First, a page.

Lasting structural integrity of therapeutic proteins in the target tissue is crucial to maintain their proper function. Since the in vivo stability of these agents can be affected by proteolytic degradation, the validity of Omomyc as the first direct inhibitor of MYC has frequently been questioned (8). A recently published study demonstrated, for the first time, that Omomyc behaves as a stable protein in tumour tissue, with longer lasting structural integrity compared to in blood (7).

Our findings are especially relevant now that Omomyc is being evaluated in clinical trials (Ph1/2 trial) since pharmacokinetic data are usually collected by analysis of blood samples in clinical practice,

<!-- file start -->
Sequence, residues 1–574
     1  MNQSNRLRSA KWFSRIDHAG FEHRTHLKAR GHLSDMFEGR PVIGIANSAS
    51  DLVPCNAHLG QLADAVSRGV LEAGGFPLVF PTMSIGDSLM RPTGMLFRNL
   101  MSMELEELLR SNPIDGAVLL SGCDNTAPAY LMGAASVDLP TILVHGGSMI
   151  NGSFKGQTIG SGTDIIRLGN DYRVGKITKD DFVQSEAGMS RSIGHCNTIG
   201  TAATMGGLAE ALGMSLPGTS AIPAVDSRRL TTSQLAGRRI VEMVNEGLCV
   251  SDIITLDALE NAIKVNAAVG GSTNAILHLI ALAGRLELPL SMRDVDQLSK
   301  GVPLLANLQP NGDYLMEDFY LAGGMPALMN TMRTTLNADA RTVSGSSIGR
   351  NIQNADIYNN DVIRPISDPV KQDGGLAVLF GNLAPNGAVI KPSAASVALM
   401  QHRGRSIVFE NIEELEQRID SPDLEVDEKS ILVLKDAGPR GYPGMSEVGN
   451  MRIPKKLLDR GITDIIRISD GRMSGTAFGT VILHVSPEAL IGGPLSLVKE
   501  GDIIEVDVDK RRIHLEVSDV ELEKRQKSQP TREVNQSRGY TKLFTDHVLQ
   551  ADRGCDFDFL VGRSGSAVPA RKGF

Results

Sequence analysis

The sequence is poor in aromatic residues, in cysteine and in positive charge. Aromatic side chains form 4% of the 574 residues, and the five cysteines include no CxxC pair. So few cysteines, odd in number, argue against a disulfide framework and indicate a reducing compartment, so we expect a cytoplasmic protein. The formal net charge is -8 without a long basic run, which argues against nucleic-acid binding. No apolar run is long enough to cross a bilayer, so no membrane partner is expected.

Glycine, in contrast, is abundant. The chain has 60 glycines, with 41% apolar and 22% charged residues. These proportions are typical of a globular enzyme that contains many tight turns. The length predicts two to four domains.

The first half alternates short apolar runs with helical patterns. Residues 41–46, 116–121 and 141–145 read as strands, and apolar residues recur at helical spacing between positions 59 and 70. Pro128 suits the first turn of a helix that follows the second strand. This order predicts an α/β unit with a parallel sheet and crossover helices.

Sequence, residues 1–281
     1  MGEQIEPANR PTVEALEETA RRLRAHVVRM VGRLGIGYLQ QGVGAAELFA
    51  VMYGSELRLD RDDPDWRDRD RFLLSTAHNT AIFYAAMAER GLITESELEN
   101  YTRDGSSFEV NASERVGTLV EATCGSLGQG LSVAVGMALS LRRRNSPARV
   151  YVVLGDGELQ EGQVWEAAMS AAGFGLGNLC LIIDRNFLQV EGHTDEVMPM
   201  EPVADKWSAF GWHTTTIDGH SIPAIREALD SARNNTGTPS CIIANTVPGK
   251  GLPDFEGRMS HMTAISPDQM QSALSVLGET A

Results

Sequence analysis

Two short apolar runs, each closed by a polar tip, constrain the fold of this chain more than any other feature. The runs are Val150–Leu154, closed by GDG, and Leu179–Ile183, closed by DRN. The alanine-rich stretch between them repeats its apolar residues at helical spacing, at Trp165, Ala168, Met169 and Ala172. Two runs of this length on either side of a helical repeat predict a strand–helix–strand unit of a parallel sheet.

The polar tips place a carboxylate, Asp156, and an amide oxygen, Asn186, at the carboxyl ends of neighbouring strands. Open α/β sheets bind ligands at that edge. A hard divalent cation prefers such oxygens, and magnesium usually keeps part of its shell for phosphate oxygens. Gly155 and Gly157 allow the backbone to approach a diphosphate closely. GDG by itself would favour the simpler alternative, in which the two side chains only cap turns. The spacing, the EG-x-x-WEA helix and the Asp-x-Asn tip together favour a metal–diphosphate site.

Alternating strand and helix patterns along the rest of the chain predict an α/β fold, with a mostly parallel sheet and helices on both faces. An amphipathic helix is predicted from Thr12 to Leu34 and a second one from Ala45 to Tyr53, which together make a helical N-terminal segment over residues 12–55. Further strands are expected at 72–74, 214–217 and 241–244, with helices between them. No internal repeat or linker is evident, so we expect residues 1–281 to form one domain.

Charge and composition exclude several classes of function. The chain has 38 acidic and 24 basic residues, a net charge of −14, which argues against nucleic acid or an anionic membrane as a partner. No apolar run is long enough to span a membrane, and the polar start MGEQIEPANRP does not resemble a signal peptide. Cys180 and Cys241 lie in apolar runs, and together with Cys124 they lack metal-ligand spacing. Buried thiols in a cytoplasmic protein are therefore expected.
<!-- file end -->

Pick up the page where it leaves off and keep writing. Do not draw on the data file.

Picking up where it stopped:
Dr. Soucek


A study published in the journal Genes & Development showed that the expression of Omomyc in preclinical melanoma models disrupts MYC activity and alters gene expression profiles, reducing cancer proliferation and progression (10). This suggests that MYC-targeted therapy by Omomyc could potentially open up a new treatment avenue for melanoma and point to the future development of clinical trials to assess the efficacy of this mini-protein against this tumour type (8).

In addition to the Omomyc mini-protein, Dr. Soucek’s laboratory also developed a monoclonal antibody targeting Omomyc, which can be used to study Omomyc levels, as well as better understand its function and effect on biological processes of interest, including cancer.

Omomyc: promising results seen in clinical trials

Discover Dr. Soucek's anti-Omomyc: